UNF moves forward with Border Collies as goose control

Cassidy Alexander

The Border Collies would herd geese away from the center of campus and resolve some health hazards associated with the birds. Photo courtesy Goose Masters.
The Border Collies would herd geese away from the center of campus and resolve some health hazards associated with the birds. Photo courtesy Goose Masters.

UNF has already launched its plan to move geese away from the core of campus using Border Collies.

The university was expected to review feedback from students, faculty and staff and make a decision during the spring semester. However, a recent Osprey Update said the university began using a company called Goose Masters over the winter break to minimize disruption to the campus community.

Goose Masters is a company that specializes in Canadian geese control in the Southeast. It uses domesticated predators, or Border Collies, to make the geese think their habitat is threatened when they aren’t truly in any danger.

“Only the Border Collie has the ‘eye’ of a wolf and the instinct to determinedly ‘work’ or stalk the Canada geese instead of attacking them,” according to the Goose Masters website. “The geese tire of being pestered and simply choose to move to another place in order to find a safer haven.”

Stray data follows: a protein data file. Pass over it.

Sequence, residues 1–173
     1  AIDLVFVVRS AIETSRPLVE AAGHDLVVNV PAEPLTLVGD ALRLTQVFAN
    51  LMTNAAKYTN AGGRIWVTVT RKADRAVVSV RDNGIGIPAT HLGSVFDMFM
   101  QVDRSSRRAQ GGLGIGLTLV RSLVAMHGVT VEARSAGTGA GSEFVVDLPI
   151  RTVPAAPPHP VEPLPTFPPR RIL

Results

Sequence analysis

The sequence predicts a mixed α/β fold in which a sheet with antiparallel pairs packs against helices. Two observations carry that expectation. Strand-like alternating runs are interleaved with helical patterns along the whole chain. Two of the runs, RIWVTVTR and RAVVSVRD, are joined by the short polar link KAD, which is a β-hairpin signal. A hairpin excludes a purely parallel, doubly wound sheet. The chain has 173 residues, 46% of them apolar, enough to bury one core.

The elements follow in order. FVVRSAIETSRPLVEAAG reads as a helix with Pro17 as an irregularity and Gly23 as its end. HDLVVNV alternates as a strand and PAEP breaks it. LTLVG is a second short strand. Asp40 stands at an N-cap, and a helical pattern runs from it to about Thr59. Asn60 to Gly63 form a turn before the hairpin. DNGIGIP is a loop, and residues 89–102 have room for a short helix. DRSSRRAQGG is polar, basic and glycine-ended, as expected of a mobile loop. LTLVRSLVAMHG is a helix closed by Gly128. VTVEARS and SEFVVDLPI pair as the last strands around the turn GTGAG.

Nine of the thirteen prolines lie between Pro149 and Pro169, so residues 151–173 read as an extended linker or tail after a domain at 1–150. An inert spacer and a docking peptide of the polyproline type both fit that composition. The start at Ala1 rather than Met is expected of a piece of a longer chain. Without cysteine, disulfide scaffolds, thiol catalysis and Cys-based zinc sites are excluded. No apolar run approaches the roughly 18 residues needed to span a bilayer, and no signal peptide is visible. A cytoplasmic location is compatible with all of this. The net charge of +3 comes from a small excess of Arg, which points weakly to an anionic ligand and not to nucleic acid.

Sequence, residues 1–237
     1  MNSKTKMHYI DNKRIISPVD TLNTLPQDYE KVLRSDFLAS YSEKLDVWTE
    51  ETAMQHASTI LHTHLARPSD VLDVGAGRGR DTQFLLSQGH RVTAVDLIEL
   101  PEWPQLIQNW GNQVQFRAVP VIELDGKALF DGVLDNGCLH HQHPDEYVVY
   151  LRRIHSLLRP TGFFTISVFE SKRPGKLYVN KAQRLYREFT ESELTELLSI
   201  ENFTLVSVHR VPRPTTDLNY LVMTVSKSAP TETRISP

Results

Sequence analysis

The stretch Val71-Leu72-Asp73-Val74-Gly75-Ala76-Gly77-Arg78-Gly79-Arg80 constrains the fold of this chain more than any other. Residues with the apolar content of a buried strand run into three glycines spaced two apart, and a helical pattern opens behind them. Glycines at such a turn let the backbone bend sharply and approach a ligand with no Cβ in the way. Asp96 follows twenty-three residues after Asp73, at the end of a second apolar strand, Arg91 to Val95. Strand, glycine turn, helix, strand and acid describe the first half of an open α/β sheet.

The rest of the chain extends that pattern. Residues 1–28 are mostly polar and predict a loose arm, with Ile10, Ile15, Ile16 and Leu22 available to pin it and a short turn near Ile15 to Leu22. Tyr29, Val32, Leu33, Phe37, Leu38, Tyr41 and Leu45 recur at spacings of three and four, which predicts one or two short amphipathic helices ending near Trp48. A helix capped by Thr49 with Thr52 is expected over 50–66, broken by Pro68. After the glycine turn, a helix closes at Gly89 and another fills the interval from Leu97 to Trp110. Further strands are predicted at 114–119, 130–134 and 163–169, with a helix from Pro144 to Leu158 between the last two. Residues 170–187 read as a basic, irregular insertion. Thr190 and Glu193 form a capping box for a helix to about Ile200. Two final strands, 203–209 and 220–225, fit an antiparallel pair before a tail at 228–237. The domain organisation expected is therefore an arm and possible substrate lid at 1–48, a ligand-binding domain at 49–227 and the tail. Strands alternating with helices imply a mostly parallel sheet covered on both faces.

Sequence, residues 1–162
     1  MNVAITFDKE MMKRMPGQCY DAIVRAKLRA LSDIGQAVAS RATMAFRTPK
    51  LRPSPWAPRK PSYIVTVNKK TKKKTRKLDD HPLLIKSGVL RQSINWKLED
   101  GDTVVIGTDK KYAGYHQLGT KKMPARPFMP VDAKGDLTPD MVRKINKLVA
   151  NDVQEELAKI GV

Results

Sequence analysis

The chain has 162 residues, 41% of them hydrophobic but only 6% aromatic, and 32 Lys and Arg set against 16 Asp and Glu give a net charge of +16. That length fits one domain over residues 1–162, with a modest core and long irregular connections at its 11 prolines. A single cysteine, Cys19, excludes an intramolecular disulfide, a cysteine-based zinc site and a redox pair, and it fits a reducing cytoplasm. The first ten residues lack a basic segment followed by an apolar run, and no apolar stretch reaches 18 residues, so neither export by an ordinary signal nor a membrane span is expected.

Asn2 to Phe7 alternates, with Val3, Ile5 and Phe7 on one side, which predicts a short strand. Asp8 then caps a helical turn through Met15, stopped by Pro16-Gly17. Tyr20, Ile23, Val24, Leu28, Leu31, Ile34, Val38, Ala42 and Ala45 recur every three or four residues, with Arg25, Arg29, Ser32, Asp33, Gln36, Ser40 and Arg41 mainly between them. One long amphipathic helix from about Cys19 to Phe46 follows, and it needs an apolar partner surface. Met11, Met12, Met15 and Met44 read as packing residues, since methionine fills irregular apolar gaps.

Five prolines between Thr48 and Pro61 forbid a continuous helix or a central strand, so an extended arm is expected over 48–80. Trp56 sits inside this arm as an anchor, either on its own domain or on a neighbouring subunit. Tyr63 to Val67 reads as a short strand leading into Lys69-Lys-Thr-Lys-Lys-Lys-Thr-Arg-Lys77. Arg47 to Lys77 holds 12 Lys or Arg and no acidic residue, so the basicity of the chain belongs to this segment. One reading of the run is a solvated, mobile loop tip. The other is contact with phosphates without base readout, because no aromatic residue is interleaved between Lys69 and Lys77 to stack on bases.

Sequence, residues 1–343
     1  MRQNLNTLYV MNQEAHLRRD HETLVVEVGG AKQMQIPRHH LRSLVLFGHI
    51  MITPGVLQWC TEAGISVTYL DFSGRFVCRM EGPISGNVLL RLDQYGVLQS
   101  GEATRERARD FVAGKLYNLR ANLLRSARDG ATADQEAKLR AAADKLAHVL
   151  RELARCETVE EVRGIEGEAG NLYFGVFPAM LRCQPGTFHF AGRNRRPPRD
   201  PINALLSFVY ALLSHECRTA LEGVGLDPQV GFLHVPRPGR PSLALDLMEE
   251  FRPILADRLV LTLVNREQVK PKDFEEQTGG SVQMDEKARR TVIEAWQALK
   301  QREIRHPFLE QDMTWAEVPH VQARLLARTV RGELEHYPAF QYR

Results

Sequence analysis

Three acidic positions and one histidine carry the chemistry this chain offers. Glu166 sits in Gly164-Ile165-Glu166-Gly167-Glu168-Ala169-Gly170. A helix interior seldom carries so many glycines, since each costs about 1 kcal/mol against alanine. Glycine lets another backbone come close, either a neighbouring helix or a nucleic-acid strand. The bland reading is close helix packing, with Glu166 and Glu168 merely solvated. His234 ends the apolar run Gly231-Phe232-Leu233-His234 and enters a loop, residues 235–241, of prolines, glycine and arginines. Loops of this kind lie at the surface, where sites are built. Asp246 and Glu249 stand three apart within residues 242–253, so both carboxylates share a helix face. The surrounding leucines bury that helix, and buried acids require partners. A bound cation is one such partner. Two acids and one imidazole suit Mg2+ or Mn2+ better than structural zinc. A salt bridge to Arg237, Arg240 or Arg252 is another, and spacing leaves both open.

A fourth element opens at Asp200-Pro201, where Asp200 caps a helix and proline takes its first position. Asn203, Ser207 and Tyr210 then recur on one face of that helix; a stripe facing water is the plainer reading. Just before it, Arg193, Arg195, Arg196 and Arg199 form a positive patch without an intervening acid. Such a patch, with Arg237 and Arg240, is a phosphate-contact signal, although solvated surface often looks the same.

For a video explaining how the dogs work and more about the company, click here.

A Border Collie stalks geese in water. Photo courtesy Goose Masters.
A Border Collie stalks geese in water. Photo courtesy Goose Masters.

In early December, university officials began asking for responses from the campus community. By mid-December, UNF received over 50 responses. The reception was mixed, as one student put it, there are arguments for both sides.

“There’s pros and cons,” said Sam Donini. “The geese are amazing and cool and majestic, but the s— everywhere does suck.”

The vast majority of the feedback supported the proposal, the release stated, citing health hazards as a big concern. One staff member talked about her disabled son, who has to propel his wheelchair forward by touching the wheels. She expressed concern about the amount of feces on the sidewalks on campus.

Other respondents expressed that they’ve seen the Border Collie solution work in other locations.  

Alternative goose dispersal methods listed on the Goose Masters website include laser lights, goose repellents, motion sensory squirt guns and nets over ponds and lakes, but these methods are “(at best) only temporary measures.”

“The plan is working, and Goose Masters will continue to periodically use the border collies, ensuring the geese will permanently relocate to the campus perimeter,” stated the Osprey Update.

The university previously stated the contract with Goose Masters would last a year and cost approximately $400 per month.

Spinnaker will continue to update this story as more information becomes available.  

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